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And to your quick-conceiving discontents
I'll read you matter, deep, and dangerous s
As full of peril, and advent'rous spirit,
As to o'er-walk a current, roaring loud,
On the unsteadfast footing of a spear.

Hot. If he fall in, good night :-or sink or swim :-
Send danger from the east unto the west,
So honour cross it from the north to south,
And let them grapple ;-0! the blood more stirs,
To rouze a lion, than to start a hare.

Nortb. Imagination of some great exploit
Drives him beyond the bounds of patience,

Hot. By heaven, methinks, it were an easy leap,
To pluck bright honour from the pale-fac’d moons
Or dive into the bottom of the deep,
Where fathom-line could never touch the ground,
And pluck up drowned honour by the locks ;
So he, that doth redeem her thence, might wear,
Without corrival, all her dignities :
But out upon this half-fac'd fellowship!

Wor. He apprehends a world of 'figures here,
But not the form of what he should attend.
Good cousin, give me audience for a while,

Hot. I cry you mercy.

Wor. Those same noble Scots, That are your prisoners,

Hot. I'll keep them alls By heaven, he shall not have a Scot of them , No, if a Scot would save his soul, he shall not: l'll keep them, by this hand. 8 of a spear. ]- laid across it.

balf-fac'd fellowßip!)- paltry partnership in honour-coins of Imall value, and those of a double reign, were generally impressed in profile only. KING JOHN, p. 272. Pbil.

hgures here,)-in his imagination, fanciful shapes,
ibe form,)-the dritt of my proposal.

Wor.

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Wor. You start away,
And lend no ear unto my purposes.
Those prisoners you shall keep.

Hot. Nay, I will ; that's flat :-
He said, he would not ransom Mortimer ;
Forbad my tongue to speak of Mortimer ;
But I will find him when he lies asleep,
And in his ear I'll holla-Mortimer !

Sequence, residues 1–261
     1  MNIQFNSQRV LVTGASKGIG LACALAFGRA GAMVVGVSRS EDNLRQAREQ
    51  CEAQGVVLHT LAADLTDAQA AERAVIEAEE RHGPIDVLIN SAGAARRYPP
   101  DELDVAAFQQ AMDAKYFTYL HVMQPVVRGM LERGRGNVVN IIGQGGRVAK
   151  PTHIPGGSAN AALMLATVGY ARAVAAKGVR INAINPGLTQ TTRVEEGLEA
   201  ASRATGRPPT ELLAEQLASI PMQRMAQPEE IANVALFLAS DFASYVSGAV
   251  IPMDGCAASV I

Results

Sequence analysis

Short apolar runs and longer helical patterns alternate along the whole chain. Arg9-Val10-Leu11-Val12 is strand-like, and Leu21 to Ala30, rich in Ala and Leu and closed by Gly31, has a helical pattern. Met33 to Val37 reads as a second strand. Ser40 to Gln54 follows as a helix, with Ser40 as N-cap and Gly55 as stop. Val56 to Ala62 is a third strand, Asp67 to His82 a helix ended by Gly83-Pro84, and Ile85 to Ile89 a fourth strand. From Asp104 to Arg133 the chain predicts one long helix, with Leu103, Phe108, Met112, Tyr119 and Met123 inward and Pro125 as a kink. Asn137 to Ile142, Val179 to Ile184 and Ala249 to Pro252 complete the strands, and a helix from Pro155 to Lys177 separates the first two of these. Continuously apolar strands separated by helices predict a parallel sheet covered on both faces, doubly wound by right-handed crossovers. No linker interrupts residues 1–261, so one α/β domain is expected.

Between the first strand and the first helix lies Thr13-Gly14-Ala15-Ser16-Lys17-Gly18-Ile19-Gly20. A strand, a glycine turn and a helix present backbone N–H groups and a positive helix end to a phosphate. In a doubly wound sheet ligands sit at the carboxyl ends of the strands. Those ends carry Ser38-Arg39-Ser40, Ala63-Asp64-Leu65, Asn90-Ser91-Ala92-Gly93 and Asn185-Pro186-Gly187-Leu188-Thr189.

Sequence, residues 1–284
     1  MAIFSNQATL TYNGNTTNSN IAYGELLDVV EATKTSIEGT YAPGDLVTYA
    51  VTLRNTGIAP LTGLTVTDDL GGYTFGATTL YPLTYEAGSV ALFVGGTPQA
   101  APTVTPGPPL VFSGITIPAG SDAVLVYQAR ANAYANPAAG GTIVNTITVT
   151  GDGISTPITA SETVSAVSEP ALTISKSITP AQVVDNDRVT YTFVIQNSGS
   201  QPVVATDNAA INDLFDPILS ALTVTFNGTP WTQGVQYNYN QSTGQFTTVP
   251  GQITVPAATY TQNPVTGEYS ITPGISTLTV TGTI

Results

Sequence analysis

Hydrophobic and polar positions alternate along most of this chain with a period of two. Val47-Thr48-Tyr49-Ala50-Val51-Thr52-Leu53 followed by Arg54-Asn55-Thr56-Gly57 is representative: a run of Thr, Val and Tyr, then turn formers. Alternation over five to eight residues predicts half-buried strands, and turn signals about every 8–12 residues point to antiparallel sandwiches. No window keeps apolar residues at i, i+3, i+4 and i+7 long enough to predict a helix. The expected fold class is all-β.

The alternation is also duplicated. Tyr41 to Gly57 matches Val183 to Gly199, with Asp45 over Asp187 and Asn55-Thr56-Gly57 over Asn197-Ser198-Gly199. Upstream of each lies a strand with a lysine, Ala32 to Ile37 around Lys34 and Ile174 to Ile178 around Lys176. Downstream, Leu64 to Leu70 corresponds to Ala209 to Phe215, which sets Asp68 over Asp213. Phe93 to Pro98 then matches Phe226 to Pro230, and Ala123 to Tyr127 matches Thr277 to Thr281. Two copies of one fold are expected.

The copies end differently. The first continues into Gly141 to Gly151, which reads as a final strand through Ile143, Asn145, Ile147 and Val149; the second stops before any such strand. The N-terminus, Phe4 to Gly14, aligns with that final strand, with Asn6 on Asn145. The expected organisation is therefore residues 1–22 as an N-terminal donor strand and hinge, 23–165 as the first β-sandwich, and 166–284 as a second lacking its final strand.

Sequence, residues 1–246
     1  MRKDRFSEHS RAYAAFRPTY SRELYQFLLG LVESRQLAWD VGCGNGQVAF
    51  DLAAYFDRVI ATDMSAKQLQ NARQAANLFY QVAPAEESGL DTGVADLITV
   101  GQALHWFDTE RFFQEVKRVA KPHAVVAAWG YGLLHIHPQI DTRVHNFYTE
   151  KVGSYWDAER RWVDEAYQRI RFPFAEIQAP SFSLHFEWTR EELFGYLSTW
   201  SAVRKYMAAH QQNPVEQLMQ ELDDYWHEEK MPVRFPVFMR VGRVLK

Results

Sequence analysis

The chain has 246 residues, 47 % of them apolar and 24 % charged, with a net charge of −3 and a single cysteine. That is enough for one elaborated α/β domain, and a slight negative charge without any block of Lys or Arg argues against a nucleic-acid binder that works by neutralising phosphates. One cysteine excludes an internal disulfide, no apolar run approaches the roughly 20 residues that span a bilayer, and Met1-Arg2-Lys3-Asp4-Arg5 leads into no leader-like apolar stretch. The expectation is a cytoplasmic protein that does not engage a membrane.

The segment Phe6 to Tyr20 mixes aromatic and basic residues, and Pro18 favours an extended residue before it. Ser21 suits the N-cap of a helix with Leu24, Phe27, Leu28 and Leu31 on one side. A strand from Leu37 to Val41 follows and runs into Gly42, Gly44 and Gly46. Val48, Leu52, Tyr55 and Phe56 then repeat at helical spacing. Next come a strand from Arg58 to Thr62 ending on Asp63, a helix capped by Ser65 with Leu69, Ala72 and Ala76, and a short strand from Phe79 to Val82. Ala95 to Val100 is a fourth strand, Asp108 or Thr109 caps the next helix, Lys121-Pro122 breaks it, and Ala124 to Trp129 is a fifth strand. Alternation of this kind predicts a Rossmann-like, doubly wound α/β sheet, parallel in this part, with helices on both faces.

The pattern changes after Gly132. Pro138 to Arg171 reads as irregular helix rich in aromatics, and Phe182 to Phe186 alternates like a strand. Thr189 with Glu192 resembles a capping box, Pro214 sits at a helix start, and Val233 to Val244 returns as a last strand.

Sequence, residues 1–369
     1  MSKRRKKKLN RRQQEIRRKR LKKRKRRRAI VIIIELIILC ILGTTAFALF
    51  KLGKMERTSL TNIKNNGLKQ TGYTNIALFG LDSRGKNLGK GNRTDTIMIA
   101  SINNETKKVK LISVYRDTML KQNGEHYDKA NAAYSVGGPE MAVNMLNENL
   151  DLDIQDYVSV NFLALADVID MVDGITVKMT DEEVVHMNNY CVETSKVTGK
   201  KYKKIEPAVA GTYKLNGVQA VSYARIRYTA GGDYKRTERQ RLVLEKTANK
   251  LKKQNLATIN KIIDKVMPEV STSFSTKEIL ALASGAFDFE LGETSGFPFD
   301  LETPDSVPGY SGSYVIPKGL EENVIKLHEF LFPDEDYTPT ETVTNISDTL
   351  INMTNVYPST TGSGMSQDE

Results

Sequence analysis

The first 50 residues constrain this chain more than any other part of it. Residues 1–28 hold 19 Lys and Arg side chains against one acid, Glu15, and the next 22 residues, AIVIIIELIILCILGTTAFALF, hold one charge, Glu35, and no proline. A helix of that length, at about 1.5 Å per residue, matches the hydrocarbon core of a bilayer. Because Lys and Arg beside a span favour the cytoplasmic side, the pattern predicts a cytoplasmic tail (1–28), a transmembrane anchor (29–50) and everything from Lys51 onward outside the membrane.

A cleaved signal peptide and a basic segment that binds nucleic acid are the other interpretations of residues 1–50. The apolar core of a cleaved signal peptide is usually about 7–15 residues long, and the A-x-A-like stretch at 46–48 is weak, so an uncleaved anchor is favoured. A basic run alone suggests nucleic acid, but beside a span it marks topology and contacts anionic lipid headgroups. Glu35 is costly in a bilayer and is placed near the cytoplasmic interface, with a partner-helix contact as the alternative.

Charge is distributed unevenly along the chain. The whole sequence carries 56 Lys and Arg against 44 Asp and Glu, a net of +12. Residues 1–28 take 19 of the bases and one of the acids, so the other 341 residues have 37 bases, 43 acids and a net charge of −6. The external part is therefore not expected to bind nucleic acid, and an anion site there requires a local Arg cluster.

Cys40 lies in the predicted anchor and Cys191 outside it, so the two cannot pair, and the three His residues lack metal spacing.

Nay, I'll have a starling shall be taught to speak
Nothing but Mortimer, and give it him,
To keep his anger still in motion.

Wor. Hear you, cousin; a word.

Hot. All studies here I solemnly 'defy, Save how to gall and pinch this Bolingbroke : And that same sword-and-buckler prince of Wales But that I think his father loves him not, And would be glad he met with some mischance, I'd have him poison'd with a pot of ale.

Wor. Farewell, kinsman! I will talk to you, When you are better temper'd to attend.

North. Why, what a wasp.stung and impatient fool
Art thou, to break into this woman's mood;
Tying thine ear to no tongue but thine own?
Hot. Why, look you, I am whip'd and scourg'd with

rods,
Nettled, and ftung with pismires, when I hear
Of this vile politician, Bolingbroke.
In Richard's time, -What do you call the place ?--
A plague upon’t !--it is in Gloftershire ;
'Twas where the mad-cap duke his uncle kept,
His uncle York ;--where I first bow'd my knee
Unto this king of smiles, this Bolingbroke,
When you and he came back from Ravenspurg.

Idejs,senounce.
fwerd-and-buckler)roister, disorderly fellow.

Nortb.

Narib. At Berkley castle.

Hot. You say true : Why, what a candy'd deal of courtesy This fawning greyhound then did proffer me ! Look,- " when bis infant fortune came to age,-And-gentle Harry Percy,--and, kind caufin, O, the devil take such cozeners !God forgive me!-Good uncle, tell your tale, for I have done.

Wor. Nay, if you have not, to't again ; We'll stay your leisure.

Hot. I have done, i'faith.